We can’t overestimate how important a talent management strategy is for today’s companies.
Labor is very often the largest cost to any business, with Deloitte estimating it at between 50-70% of company spending.
A talent management strategy means that this money is being spent wisely. Let’s go over what talent management involves, and set you up for success with some best practices.
What does a talent management strategy include?
There are multiple stages of a strong talent management strategy (TMS).
It starts with identifying the talent that you need, what types of talent are missing across the company, then finding the best way to hire and train the talent, as well as developing and retaining talent to your best advantage.
Where necessary, you also need to consider making redundancies or firing talent when things aren’t working out.
SImply put, your TMS will lead HR and other departments when they develop processes for hiring, training, management and retention.
The best TMS will bring together the goals of the company with the personal development objectives of the talent themselves. You want to find a way to marry these two together.
When that happens, you’re supporting the company, while also providing the talent with the right roles and experiences. It’s a win/win. What does success look like? Each member of your workforce is given what they need to progress and develop, and the business thrives right alongside.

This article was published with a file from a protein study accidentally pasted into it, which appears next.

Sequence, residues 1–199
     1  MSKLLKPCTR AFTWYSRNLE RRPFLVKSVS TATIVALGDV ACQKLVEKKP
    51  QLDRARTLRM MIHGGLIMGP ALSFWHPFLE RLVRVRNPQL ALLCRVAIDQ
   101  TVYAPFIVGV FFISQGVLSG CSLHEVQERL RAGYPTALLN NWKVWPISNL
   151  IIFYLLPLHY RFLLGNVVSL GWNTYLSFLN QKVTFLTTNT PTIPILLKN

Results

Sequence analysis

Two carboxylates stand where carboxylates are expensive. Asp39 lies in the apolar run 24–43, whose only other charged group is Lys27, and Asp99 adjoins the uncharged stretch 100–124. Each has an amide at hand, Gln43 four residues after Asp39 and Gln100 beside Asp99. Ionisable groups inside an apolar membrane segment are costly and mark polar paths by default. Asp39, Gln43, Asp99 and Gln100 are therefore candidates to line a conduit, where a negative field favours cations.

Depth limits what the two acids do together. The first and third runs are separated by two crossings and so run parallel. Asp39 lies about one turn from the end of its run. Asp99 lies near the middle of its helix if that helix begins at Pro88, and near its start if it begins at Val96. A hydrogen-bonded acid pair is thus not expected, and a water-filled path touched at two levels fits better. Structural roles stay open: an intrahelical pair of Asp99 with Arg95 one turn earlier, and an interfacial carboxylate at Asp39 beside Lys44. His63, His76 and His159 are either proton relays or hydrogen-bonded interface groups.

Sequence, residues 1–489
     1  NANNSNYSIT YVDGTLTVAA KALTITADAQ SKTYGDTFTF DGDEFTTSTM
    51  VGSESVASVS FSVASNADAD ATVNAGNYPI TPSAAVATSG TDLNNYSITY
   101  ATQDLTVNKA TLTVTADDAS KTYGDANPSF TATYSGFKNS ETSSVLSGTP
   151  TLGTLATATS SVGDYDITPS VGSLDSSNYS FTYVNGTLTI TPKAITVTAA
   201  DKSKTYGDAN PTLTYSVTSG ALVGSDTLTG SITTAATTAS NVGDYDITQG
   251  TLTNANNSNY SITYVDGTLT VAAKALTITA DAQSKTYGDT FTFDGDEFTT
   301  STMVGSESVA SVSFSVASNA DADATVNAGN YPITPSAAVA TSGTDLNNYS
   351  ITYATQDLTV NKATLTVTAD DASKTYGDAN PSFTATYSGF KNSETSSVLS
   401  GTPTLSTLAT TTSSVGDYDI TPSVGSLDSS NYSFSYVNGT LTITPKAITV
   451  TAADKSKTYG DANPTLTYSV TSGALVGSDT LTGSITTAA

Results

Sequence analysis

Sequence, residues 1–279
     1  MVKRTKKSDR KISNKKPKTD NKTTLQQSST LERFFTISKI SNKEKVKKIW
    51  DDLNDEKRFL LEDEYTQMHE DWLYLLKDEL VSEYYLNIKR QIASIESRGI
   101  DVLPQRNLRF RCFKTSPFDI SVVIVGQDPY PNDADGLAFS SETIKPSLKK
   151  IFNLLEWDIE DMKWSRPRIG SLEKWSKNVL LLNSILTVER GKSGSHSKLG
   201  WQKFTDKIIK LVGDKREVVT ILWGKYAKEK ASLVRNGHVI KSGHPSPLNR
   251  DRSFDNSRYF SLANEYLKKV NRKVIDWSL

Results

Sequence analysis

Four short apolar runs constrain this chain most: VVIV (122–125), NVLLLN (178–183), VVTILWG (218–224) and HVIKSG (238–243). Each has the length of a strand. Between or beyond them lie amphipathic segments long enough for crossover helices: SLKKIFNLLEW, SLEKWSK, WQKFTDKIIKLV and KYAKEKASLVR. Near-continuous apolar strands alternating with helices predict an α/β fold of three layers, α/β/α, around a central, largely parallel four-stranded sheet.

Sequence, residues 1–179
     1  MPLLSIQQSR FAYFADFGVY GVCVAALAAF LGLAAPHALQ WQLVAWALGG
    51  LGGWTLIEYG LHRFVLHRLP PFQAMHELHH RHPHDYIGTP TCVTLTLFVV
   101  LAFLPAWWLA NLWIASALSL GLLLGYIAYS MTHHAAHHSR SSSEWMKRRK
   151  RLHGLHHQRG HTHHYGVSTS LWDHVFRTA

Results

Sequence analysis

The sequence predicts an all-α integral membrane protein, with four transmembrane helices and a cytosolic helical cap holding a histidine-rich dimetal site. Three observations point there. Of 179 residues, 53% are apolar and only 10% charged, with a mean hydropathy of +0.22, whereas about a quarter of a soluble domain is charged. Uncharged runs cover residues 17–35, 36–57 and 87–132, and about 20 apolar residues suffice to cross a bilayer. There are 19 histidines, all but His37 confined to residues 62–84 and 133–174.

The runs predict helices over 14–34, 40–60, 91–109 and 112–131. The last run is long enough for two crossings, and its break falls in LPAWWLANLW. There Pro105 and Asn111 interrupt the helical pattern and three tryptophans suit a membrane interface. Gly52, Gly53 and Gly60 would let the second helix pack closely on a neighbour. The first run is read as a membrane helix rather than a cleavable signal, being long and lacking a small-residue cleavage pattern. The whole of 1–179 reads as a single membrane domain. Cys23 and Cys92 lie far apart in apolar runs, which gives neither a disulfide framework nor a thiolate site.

Best practices for creating a TMS
There are several points to consider when creating your talent management strategy. Here are a few of the best practices we’ve seen in the market.
#1 Talent goes beyond your employees
Non-payroll workers are set to make up the majority of the workforce within the next few years. That means your TMS needs to look beyond the names on the monthly payroll.
Your full-time and part-time employees are important, but you also need to think about independent contractors. If you don’t adjust your processes to allow you to hire, train and retain freelancers, you’re losing out on a large slice of that talent pie.
#2 Develop your strategy based on your company’s goals
What are your company’s current goals and objectives? Whatever your answer, this is a good place to begin when building out your talent strategy.
For example, if your company is focused on global expansion, you’ll need to look for talent in specific regions.
If you’re a public company with poor ESG reports, you may need to focus on diversity to get more cultural voices around the table.
If your company is going through hypergrowth, you’ll want to consider knowledge transfer, and hire skilled talent with industry-specific knowledge that can hit the ground running.
If you’re looking to implement digitization, you may have specific gaps in cloud, IT or AI.
The following four steps can be a helpful process to ensure your talent strategy aligned with your company’s business goals:
- Identifying goals – What are your company’s main objectives in the next 12-18 months? What type of talent will your company need to accomplish these goals?
- Isolating gaps – What’s standing in the way of reaching those objectives? Note that you need to focus on skills and not people in order to be able to properly identify your skills gap.